"Of course I am, Pop! I've spotted a way to make money and have fun while I do it." Bud looked at the old man, remembered Marian's declaration that Pop was not very reliable, and groped mentally for a way to hearten the old man without revealing anything better kept to himself, such as the immediate effect of a horse hair tied just above a horse's hoof, also the immediate result of removing that hair. Wherefore, he could not think of much to say, except that he would not attempt to run a lame horse against Boise.

"All I can say is, to-morrow morning you keep your eyes open, Pop, and your tongue between your teeth. And no matter what comes up, you use your own judgment."

To-morrow morning Pop showed that he was taking Bud's advice. When the crowd began to gather--much earlier than usual, by the way, and much larger than any crowd Bud had seen in the valley--Pop was trotting here and there, listening and pulling his whiskers and eyeing Bud sharply whenever that young man appeared in his vicinity.

Bud led Smoky up at noon--and Smoky was still lame. Dave looked at him and at Bud, and grinned. "I guess that forfeit money's mine," he said in his laconic way. "No use running that horse. I could beat him afoot."

This was but the beginning. Others began to banter and jeer Bud, Jeff's crowd taunting him with malicious glee. The singin' kid was going to have some of the swelling taken out of his head, they chortled. He had been crazy enough to put up a forfeit on to-day's race, and now his horse had just three legs to run on.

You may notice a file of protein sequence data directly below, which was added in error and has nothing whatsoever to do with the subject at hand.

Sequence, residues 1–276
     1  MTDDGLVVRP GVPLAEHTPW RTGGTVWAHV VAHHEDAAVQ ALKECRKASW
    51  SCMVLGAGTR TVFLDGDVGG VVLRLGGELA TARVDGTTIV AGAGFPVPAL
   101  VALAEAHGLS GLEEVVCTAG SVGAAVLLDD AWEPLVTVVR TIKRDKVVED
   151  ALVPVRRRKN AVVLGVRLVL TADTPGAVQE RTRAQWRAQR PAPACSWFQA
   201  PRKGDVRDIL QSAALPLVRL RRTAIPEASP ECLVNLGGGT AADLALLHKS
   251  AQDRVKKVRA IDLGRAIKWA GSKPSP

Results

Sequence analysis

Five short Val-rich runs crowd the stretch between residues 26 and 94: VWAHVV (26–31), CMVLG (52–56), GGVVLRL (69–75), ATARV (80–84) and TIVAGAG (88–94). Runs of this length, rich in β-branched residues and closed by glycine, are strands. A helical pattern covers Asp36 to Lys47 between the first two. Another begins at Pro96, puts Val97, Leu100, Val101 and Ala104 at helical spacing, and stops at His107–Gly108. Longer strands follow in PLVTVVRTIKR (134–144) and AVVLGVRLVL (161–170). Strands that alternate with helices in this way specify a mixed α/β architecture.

"Git out afoot, kid!" Jeff Hall yelled. "If you kin run half as fast as you kin talk, you'll beat Boise four lengths in the first quarter!"

Bud retorted in kind, and led Smoky around the corral as if he hoped that the horse would recover miraculously just to save his master's pride. The crowd hooted to see how Smoky hobbled along, barely touching the toe of his lame foot to the ground. Bud led him back to the manger piled with new hay, and faced the jeering crowd belligerently. Bud noticed several of the Muleshoe men in the crowd, no doubt drawn to Little Lost by the talk of Bud's spectacular winnings for two Sundays. Hen was there, and Day Masters and Cub. Also there were strangers who had ridden a long way, judging by their sweaty horses. In the midst of the talk and laughter Dave led out Boise freshly curried and brushed and arching his neck proudly.